Ed joked a while longer with Jake. He finished his beer, kicked the bull around with a few other friends, got a few more pats on the back. The community mascot, the sign that the bad times could not last forever, Ed left the bar and drove home, mood kite-high, this close to giggling euphoria. When he reached his farm, he stopped his truck halfway to the house and got out. He walked into the wheat. He turned around slowly, taking in the golden ocean, feeling its balm. The wheat stood high and proud and perfect, a bright yellow glow even under the brown clouds and dirty air. He ran a hand over the wheat, closing his fingers gently around the ripe heads.
He felt a scalpel slice into his palm.
He jerked his hand away and stared at the cut. It was deep. He could see parted muscle. He pulled a rag out of his pocket and wrapped it tightly around his hand. The blood soaked through, drenching the cloth. He looked at the wheat. It nodded knowingly in a slight breeze.
Feeling weird, feeling buzzy, Ed walked back to the truck. He drove the rest of the way home, trying to concoct a theory of fluke that his gut would accept.
Janet came to kiss him when he stepped inside. “What happened to your hand?” she asked.
“Grabbed a nail.” Ed lied to deny, for himself, that anything unusual had just happened. But everything he did now was a lie. His smile when his eight-year-old son Kevin looked up from the Wii to say hi, the way he sat down to dinner, his every gesture of habit and normality, a lie, a lie, a lie.
In the days that followed, he kept up the lie. He bottled the anxiety of his cut palm, corked it, shoved it into his mind’s cellar. It stayed there. His palm healed. The summer continued to promise bounty. The land continued to smile.
And then this happened.
Ed began his harvest, the big, beautiful, stave-off-the-banker harvest. Things were good, things were wonderful. Weren’t they? Of course they were. So why, as he climbed into his harvester, was Ed so frightened he wanted to throw up? Why was there a scream balled up at the back of his throat?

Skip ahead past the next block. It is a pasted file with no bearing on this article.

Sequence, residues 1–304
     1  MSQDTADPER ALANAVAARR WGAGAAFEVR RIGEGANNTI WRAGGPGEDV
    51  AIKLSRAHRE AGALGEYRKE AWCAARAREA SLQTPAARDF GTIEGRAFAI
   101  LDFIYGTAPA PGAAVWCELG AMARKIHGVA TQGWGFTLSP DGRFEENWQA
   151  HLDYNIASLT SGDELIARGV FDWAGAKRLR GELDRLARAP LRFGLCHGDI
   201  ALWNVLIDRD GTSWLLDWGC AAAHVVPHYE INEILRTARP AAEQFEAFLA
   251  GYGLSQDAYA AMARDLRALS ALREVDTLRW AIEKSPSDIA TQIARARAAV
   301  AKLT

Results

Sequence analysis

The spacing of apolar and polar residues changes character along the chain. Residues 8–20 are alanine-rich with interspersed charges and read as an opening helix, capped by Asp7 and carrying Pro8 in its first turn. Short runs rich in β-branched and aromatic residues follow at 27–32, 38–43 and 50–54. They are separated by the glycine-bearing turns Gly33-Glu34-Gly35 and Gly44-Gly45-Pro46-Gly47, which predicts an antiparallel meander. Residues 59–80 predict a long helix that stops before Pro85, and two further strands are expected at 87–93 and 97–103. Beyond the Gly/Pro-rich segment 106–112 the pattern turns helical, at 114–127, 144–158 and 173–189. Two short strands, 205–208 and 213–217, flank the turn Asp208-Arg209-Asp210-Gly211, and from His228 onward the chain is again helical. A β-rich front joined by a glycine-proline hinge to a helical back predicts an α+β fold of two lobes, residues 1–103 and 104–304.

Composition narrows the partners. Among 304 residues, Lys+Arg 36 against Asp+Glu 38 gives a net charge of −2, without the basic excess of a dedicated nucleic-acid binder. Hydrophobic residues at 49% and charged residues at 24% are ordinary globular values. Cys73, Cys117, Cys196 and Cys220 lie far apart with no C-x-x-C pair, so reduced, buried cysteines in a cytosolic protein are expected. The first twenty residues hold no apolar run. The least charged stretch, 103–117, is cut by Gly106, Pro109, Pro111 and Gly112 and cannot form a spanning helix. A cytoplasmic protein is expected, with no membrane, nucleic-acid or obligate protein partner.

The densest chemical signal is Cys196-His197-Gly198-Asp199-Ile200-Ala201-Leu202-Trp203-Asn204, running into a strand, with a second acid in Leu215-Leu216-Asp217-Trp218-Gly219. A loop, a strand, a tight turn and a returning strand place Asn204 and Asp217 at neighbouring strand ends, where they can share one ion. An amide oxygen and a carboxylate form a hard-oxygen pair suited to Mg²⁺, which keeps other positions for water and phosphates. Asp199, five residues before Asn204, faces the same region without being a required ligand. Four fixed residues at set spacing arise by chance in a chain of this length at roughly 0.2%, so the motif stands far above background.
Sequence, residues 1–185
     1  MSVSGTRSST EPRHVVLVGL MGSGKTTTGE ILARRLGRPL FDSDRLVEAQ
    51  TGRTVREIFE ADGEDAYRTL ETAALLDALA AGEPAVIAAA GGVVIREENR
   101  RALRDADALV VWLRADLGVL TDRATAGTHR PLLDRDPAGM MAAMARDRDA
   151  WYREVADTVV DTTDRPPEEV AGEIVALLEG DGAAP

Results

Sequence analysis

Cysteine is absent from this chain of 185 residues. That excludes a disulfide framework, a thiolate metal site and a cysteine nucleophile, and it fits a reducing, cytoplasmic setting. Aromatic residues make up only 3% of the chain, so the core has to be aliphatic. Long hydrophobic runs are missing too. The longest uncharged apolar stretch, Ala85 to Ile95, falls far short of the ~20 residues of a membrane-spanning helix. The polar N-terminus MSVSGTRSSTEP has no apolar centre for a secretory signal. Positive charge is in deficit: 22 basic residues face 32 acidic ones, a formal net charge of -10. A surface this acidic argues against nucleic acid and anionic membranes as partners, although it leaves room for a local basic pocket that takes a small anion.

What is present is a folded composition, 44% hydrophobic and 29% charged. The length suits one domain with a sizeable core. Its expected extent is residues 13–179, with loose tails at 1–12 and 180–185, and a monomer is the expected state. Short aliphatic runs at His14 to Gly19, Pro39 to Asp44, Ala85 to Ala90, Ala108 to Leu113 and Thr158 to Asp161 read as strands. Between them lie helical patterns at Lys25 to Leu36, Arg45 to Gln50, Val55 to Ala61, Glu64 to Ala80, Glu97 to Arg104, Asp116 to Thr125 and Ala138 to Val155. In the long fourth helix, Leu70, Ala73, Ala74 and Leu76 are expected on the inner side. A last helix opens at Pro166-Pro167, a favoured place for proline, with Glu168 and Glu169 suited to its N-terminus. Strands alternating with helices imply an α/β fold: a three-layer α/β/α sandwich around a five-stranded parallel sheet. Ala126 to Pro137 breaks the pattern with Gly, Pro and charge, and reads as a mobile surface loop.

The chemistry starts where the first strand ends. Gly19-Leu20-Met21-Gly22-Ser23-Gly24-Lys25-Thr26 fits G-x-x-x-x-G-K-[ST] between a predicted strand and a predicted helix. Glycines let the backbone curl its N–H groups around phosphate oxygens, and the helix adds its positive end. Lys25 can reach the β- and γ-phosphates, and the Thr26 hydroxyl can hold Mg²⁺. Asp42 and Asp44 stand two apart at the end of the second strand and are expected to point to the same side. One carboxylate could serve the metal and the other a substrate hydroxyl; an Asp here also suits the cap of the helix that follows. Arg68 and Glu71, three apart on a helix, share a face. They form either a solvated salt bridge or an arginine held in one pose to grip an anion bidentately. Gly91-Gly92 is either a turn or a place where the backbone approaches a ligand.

Halfway through the day, the lie broke down. There was a grinding explosion of sound, the roaring clang of broken metal. Sunlight flashed off shrapnel. The harvester moaned to a halt. Ed’s scream almost left his throat. He turned off the engine. He sat for a moment with breath held and eyes staring at the hostile blue sky. Then he lowered his eyes to see the twisted, mangled, broken blades of the harvester.
Ed stared at the nonsensical wreckage, and felt the punchline closing in on him. There was nothing more important now than reaching his family and protecting them from the joke. He leaped from the harvester and ran back to the farmhouse. He was a safe distance from the wheat on either side. It stood straight and still. It was keeping a straight face.
Ed found Janet in the study. She was at the computer, balancing books. “Where’s Kevin?” Ed asked.
“Playing with the dog.”
Janet turned to look at him. She must have hard the fear in his voice.
“Out in the wheat. Can you go get him? It’s time to eat.”
“Yes.” Throat pain-dry, Ed looked out the study window at the swaying, sea-wave motion of the wheat.
The lie collapsed for good and all.
“There’s no wind,” said Ed.
The wheat heaved back and forth, convulsed with laughter at the joke.
“What?” Janet said, but Ed was running out of the house.
He stopped at the edge of field. He was terrified. He could feel the joke, a steel-jawed trap, poised, about to snap shut. He knew how his part was going to play out, and he wished that he had kissed Janet good-bye. He stared at the wheat. A single stalk stopped swaying. Its head parted down the middle, showing the glint of fishhook teeth. Then klak, the mouth snapped shut.
“Dad? Mum?” Kevin’s voice, rising in disbelief and fear.
“Kevin!” Ed yelled, and he plunged into the wheat, playing his part to the bitter end.
The wheat waited until he found Kevin and the dog. And then there was the klaklaklak of a million castanets, and Ed’s scream was ready at last, and the land delivered the punchline.
It was time to eat.
(c) 2014 by David Annandale